Photos: Google

Google's Pixelbook is the company's latest effort to show that its Chrome OS can be used for more than just a lower-budget, part-time Web browsing device. The company has made a lot of improvements since the Chromebook Pixel, including support for Android apps, a digital pen and the voice powered Google Assistant. The Pixelbook also folds into a tent or tablet, making it a nice option for watching movies or surfing on a couch.

The bottom line: The Pixelbook is a worthy, if not inexpensive, option for those who always (or nearly always) have an Internet connection.

My biggest test for the Chromebook was whether I could do my real work on it— and the answer was yes. I was able to write this review, open and read attachments. The biggest adjustment was that the control key needed for the copy and paste shortcut was in a different place than on a Mac, which took some getting used to.

Downloading Android apps was a plus, but I needed to sign out of my corporate Gmail account and use a personal one to get that feature to work. Once I did, though, I was able to combine the fast browser with separate windows for apps like Slack and Twitter.

Who it's good for: People that want a fast, secure browser and don't mind paying as much as they would for an ultra-thin laptop.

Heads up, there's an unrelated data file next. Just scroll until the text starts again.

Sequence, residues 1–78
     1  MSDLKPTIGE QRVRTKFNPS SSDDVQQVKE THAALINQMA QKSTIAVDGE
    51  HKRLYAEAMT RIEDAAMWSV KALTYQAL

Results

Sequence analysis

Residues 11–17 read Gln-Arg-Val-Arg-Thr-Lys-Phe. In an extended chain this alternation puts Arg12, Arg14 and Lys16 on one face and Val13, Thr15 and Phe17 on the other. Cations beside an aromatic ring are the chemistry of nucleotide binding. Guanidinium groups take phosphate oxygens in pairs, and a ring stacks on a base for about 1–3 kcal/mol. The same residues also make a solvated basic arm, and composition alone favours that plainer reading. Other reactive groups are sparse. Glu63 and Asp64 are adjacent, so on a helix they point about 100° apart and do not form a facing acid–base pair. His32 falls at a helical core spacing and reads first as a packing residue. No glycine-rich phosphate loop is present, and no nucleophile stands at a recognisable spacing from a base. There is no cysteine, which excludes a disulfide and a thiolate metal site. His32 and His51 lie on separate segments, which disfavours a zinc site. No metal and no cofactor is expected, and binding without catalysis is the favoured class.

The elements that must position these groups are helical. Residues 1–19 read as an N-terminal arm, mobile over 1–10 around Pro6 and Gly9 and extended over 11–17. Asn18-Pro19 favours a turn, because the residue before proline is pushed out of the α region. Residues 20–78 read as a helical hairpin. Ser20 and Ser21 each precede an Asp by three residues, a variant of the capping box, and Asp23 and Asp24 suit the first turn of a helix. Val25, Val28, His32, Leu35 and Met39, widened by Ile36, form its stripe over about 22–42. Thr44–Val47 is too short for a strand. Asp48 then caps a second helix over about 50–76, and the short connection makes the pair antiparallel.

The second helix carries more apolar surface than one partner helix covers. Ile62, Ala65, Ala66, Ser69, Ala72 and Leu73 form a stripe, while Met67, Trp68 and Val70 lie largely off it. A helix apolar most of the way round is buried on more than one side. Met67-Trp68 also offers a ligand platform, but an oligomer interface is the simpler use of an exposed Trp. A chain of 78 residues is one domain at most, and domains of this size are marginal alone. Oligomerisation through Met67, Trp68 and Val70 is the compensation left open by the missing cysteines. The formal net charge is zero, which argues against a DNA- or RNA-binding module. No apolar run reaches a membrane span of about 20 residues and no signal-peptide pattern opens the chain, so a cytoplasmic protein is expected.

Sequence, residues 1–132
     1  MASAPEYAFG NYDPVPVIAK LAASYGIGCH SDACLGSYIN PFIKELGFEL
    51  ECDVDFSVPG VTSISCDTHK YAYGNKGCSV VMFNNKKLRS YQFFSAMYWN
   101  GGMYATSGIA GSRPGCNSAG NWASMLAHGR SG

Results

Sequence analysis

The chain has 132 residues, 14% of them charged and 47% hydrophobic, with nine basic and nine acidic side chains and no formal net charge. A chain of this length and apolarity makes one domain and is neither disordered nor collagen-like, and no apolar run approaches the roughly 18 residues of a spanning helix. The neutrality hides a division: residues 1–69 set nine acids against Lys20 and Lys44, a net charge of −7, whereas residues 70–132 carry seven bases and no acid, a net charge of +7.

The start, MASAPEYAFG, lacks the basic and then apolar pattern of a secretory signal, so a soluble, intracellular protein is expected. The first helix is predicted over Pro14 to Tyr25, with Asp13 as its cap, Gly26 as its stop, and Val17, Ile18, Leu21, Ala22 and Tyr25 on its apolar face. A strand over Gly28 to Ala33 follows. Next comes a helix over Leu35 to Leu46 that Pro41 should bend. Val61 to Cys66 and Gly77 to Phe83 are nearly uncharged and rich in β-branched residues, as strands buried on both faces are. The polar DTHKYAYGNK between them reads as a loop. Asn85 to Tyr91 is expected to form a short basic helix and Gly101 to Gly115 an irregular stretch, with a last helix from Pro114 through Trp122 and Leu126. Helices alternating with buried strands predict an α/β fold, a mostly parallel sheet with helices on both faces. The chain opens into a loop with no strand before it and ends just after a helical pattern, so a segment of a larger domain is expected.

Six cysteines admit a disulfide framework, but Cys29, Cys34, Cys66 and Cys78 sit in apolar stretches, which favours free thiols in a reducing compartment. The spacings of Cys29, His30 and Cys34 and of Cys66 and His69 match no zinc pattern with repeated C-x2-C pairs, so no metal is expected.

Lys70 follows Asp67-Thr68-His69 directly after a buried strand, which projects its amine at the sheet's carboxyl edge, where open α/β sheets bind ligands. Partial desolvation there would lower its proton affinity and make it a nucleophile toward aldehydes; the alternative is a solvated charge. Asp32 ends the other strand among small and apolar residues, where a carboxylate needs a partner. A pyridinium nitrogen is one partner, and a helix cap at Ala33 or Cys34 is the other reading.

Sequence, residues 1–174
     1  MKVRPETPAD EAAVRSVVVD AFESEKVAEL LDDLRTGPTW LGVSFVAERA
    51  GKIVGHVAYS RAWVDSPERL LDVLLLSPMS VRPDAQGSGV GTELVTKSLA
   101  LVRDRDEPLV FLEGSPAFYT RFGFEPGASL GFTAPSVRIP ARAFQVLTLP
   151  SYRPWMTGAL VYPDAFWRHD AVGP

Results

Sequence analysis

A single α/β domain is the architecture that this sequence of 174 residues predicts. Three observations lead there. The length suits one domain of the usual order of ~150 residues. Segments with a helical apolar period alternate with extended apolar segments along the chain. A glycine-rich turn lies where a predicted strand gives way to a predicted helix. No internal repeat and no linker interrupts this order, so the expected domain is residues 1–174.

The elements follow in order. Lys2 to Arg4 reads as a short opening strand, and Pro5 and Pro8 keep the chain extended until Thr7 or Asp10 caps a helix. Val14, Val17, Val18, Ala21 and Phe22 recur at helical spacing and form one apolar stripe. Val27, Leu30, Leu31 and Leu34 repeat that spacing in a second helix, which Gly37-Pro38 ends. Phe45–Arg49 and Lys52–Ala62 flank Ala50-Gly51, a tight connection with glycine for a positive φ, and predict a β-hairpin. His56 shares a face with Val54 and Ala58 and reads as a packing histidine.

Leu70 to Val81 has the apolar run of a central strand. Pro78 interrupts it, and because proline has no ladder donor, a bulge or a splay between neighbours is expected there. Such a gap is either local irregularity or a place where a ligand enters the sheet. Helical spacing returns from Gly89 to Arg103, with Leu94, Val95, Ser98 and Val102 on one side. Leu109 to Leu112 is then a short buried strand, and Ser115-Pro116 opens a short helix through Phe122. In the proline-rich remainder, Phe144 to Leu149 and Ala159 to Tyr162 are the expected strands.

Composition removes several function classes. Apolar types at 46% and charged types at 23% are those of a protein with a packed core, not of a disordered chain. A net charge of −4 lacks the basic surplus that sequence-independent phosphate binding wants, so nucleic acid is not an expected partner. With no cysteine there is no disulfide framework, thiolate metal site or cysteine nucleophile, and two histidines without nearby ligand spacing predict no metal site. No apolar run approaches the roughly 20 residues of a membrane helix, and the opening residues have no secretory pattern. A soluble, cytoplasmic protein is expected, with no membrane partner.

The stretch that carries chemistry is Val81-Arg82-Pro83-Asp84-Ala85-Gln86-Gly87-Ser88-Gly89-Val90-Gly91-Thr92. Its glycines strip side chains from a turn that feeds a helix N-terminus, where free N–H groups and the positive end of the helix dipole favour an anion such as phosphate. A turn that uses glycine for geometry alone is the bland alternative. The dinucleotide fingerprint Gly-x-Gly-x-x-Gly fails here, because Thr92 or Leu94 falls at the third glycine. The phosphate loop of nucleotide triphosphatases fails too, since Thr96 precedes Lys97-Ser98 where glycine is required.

Who it's not: People that need a specific desktop app or frequently lack a connection might be better off with a traditional laptop.

The practicalities: The Pixelbook hits stores Oct. 31 and costs $999.

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Biden has huge cash advantage over Trump as Election Day nears

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Democratic presidential nominee Joe Biden had $177.3 million in the bank at the end of September, per the latest Federal Election Commission filings.

Why it matters: President Trump's re-election campaign reported having $63.1 million in the bank at the end of last month, as campaigning enters the final stretch ahead of Election Day on Nov. 3.

Court allows North Carolina mail-in ballots deadline extension

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North Carolina can accept absentee ballots that are postmarked Nov. 3, Election Day, until Nov. 12, a federal appeals court decided Tuesday in a 12-3 majority ruling.

Why it matters: The 4th Circuit Court of Appeals' ruling against state and national Republican leaders settles a lawsuit brought by a group representing retirees, and it could see scores of additional votes counted in the key battleground state.